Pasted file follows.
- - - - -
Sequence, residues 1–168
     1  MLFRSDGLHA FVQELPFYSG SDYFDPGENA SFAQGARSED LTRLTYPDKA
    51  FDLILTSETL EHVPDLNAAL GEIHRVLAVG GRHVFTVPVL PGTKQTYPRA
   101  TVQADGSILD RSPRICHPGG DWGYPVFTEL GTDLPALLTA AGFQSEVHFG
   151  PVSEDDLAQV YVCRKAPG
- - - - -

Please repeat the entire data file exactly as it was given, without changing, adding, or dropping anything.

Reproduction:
Sequence, residues 1–168
     1  MLFRSDGLHA FVQELPFYSG SDYFDPGENA SFAQGARSED LTRLTYPDKA
    51  FDLILTSETL EHVPDLNAAL GEIHRVLAVG GRHVFTVPVL PGTKQTYPRA
   101  TVQADGSILD RSPRICHPGG DWGYPVFTEL GTDLPALLTA AGFQSEVHFG
   151  PVSEDDLAQV YVCRKAPG